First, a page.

Cathie Anderson

Sacramento startup SupportPay raises $4.1 million in capital

Sheri Atwood, founder and CEO of SupportPay, a technology company that manages child-support payments, speaks at a press conference at the Crest Theatre on Thursday, Sept. 22, 2016, in Sacramento, Calif. SupportPay is moving its headquarters to Sacramento.
Sheri Atwood, founder and CEO of SupportPay, a technology company that manages child-support payments, speaks at a press conference at the Crest Theatre on Thursday, Sept. 22, 2016, in Sacramento, Calif. SupportPay is moving its headquarters to Sacramento. rpench@sacbee.com

Entrepreneur Sheri Atwood announced Monday that she has raised $4.1 million to market and expand SupportPay, a mobile app that automates the child-support payment process, in the three short months since she relocated the Silicon Valley startup to Sacramento.

Atwood already had garnered roughly $3 million in seed capital before she began her campaign for SupportPay’s first significant round of financing from venture capital firms, known as the Series A round. The lead investor was Fenway Summer Ventures of Bethesda, Md., but SupportPay also elicited funding from Folsom-based Moneta Ventures and Chicago’s Continental Advisors LLC.

Moneta’s managing director, Lokesh Sikaria, told me SupportPay was one of several appealing investment opportunities, but it stood out because it brought jobs to the Sacramento region. Atwood noted that the company already has added three employees to the team of nine who moved to Sacramento and that the latest cash infusion will allow her to add eight full-time employees and four college interns. Job descriptions already are posted at supportpay.com.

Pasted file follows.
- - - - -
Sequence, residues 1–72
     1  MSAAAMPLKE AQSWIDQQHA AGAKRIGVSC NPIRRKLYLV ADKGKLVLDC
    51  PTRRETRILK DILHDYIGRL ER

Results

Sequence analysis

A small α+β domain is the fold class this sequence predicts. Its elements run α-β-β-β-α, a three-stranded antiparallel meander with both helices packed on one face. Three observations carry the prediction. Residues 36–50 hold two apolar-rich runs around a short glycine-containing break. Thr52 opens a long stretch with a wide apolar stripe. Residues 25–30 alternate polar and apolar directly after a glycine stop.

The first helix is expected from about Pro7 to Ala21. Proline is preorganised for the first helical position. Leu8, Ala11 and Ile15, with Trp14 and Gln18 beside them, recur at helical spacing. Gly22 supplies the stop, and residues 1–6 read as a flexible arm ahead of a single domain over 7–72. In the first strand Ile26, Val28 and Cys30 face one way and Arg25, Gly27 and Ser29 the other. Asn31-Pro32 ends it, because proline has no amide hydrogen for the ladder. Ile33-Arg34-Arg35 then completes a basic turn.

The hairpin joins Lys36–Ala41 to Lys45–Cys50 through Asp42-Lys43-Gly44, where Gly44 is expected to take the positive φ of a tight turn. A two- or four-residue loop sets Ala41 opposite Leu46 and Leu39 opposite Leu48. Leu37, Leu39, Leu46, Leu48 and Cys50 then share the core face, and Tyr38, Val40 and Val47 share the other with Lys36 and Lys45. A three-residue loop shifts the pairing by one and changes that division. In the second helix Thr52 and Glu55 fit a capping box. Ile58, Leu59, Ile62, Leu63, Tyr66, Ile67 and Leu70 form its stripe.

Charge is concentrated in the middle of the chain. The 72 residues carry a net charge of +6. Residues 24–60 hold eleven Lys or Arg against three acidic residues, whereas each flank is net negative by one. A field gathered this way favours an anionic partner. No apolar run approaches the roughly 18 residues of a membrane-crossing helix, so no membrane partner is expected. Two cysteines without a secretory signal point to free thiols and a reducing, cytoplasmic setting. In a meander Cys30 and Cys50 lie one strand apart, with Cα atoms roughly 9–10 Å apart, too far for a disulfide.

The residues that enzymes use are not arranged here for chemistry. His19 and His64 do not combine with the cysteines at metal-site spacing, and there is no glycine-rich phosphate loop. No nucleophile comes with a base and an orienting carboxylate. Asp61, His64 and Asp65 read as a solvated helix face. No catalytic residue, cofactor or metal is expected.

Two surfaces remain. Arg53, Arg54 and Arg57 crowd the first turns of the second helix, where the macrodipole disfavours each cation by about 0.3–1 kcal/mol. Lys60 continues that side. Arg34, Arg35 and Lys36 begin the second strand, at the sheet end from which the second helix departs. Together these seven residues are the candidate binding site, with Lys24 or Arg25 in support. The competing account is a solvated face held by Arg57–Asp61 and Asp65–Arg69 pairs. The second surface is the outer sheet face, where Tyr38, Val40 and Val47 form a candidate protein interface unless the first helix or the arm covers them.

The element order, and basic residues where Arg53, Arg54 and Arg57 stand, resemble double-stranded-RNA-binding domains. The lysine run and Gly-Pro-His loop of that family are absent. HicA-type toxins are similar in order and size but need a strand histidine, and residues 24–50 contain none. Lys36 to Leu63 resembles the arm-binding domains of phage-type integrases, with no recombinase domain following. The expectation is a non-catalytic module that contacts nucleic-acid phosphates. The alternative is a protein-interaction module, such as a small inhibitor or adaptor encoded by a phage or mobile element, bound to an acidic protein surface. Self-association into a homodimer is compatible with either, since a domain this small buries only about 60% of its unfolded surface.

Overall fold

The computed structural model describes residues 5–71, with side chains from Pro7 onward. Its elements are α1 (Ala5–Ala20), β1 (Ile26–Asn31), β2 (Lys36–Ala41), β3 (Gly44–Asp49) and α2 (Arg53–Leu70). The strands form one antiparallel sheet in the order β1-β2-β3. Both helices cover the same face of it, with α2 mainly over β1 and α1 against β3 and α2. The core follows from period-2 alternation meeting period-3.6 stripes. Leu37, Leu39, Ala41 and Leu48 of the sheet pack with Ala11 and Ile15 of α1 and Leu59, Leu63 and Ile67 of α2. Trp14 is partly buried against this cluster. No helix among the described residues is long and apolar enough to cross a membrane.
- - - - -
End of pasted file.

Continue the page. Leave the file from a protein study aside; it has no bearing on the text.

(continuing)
Sikaria said: “They have a very strong business-to-consumer model. They have really good marketing … to attract consumers to this platform. The number of users had increased significantly for them.”

Atwood, 38, came up with the idea for SupportPay after going through a divorce of her own at age 26. She said: “You get a bill for everything in life, but you don’t get a bill for child support. … I decided five years ago to quit my very lucrative corporate job to pursue this and see if I could actually come up with a solution since there was nothing out there. I started that in 2011. For the first year, I taught myself how to code. I built the first product myself.”

Roughly 55 million parents pay $230 billion in support payments annually in the United States alone, Atwood said, so there’s a huge potential for SupportPay to be the platform of choice for individual consumers now and perhaps for government agencies in the future. Thirty percent of those divorced parents have their payments managed by state systems because they receive some form of public assistance, and the other 70 percent have to remember to pay on their own.

“The states are collecting about $29 billion every year in child support,” Atwood said, “but ... you have these other 39 million parents who are exchanging $200 billion every year in child support and child expense, and they have no solution whatsoever.”

In addition, she said, roughly 85 percent of state child-support systems are 10 years or older and it costs roughly $6 billion a year to update or maintain these systems. Atwood and her investors are betting that, at some point, states will be looking for a more cost-effective solution and SupportPay will be well-positioned. The consumer software costs the paying parent at least $9.99 a month, but the other parent can use a free version of the software with fewer functions.

Cathie Anderson: 916-321-1193, @CathieA_SacBee

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